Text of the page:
When ready, the coronavirus vaccine will only be 50% effective

When referring to a 50% effectiveness, this means that for every 100 people, only 50 will become immune to the disease.

Scientists develop a vaccine against the coronavirus disease in Saint Petersburg (photo credit: REUTERS)
Scientists develop a vaccine against the coronavirus disease in Saint Petersburg
(photo credit: REUTERS)
When it comes to the coronavirus vaccine, there's good news and there's bad news.
The good news is that there will eventually be a vaccine. The bad news is that it is likely to be only 50% effective, according to NPR.
Chief of the National Institute of Health and Infectious Disease, Dr. Anthony Fauci, has cooled enthusiasm regarding the prospect of vaccines doing away with coronavirus once and for all: "We don't know if it will be 50% or 60%," he said, although he added that personally, "I'd like it to be 75% or more."
50% effectiveness would mean that for every 100 people who are vaccinated, only 50 would become immune to the disease.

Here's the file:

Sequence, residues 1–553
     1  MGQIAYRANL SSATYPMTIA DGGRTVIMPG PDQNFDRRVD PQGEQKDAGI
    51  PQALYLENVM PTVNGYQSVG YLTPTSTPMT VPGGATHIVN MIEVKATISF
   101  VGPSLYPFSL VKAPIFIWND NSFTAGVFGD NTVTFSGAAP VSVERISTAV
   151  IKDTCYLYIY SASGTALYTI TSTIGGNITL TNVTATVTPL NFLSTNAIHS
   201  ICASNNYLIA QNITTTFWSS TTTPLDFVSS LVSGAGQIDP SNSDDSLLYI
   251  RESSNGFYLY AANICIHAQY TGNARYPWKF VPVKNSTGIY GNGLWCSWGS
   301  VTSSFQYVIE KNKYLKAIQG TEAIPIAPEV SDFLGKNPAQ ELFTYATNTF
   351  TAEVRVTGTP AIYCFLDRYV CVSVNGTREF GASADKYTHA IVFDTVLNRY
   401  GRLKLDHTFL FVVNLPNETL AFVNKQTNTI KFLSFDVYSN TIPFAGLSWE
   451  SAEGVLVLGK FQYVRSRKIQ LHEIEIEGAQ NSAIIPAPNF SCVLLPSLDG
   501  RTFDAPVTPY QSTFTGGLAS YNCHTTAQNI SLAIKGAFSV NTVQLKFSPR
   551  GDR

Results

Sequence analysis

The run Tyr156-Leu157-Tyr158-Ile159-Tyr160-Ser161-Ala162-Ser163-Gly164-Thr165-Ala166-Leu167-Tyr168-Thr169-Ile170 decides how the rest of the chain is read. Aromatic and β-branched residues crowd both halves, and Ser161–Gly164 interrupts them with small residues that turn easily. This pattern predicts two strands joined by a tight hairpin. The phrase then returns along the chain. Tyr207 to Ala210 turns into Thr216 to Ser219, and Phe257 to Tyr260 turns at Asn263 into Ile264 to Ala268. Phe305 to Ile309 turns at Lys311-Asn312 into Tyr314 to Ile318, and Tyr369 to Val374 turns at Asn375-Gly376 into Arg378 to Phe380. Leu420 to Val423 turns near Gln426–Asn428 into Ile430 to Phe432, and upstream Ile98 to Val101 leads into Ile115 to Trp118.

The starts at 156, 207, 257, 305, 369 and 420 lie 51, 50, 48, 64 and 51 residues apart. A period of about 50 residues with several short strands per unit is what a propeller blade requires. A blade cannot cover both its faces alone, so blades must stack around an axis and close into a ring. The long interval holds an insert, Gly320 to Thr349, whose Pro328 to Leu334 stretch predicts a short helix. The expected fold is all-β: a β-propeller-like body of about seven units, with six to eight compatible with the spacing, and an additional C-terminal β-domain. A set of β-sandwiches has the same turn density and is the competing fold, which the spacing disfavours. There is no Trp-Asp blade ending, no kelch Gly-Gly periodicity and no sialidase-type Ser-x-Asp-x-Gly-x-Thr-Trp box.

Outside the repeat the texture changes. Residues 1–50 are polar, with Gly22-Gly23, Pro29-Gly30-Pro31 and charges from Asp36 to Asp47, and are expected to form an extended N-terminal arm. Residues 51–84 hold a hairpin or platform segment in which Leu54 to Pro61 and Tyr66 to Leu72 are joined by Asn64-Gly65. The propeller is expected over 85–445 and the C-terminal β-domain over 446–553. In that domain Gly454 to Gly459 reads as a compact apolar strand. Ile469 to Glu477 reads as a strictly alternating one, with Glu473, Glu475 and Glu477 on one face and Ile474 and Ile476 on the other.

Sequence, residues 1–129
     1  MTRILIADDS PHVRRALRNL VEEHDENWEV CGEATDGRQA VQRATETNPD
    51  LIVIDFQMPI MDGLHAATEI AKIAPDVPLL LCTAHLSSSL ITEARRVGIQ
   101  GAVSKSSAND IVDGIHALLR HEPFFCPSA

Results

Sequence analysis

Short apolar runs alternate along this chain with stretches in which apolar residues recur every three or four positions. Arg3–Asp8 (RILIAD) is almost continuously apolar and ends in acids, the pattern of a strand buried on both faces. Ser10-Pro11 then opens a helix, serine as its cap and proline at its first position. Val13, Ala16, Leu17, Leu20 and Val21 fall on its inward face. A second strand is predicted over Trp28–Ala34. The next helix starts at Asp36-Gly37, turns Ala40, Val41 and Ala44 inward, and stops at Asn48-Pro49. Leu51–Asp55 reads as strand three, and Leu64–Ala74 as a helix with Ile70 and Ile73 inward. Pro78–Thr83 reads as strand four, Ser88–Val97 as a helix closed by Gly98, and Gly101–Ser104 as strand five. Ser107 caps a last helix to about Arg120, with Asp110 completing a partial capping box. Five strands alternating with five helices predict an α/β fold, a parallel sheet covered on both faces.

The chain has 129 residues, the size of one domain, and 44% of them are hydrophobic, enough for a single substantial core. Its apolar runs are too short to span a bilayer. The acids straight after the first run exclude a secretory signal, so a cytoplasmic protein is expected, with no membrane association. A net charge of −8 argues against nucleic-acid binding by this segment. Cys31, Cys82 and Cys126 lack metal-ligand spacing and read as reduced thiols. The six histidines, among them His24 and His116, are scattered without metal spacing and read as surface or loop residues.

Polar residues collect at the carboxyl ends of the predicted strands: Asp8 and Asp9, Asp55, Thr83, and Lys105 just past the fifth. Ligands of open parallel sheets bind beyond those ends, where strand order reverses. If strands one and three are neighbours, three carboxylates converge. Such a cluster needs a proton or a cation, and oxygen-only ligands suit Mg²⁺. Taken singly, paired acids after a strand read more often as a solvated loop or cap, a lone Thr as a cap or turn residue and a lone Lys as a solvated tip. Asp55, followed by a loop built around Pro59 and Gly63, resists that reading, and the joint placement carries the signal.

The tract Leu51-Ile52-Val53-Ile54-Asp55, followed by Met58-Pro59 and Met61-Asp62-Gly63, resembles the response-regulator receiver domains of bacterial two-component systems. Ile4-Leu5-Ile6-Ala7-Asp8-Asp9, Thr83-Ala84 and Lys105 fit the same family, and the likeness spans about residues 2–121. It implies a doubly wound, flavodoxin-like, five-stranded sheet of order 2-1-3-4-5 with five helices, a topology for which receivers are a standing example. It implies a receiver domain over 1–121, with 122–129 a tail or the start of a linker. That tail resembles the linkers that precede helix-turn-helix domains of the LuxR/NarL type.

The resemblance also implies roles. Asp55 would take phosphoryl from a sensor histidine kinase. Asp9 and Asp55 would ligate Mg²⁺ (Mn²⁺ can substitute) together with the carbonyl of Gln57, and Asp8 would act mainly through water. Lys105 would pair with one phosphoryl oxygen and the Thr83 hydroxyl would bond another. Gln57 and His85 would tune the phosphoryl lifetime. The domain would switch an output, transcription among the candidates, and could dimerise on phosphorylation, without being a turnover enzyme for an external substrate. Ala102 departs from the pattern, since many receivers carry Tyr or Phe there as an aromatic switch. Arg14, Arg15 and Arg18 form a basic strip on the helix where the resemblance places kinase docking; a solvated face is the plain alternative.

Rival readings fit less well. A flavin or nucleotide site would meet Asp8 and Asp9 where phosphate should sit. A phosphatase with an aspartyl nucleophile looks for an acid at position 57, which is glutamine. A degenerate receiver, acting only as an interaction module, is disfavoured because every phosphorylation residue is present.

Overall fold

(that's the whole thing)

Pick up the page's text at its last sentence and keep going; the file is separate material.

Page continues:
And even among those who would develop immunity, some may still experience milder symptoms but be less likely die from the novel coronavirus.
Bill Miller, a physician from The Ohio State University College of Public Health explained the idea behind a 50% effectiveness rate: "It may mean that people are less likely to be hospitalized, require ICU or die."
But not all is bleak, considering the fact that it is likely that large percentage of the population has already developed a certain immunity to the virus or what is called "herd immunity."
This means that even with only 50% effectiveness, it might be possible to reduce the number of future infections. 
However, in order to make a significant difference, two doses of the vaccination would need to be administered roughly a month apart from each other. This inoculation on a mass scale would require a tremendous effort on behalf of governments. 
Now, the last remaining issue is to ensure that those who need to be vaccinated actually follow through with it. In the US for example, roughly a third of the Americans said that they will refuse a vaccine when it is made available.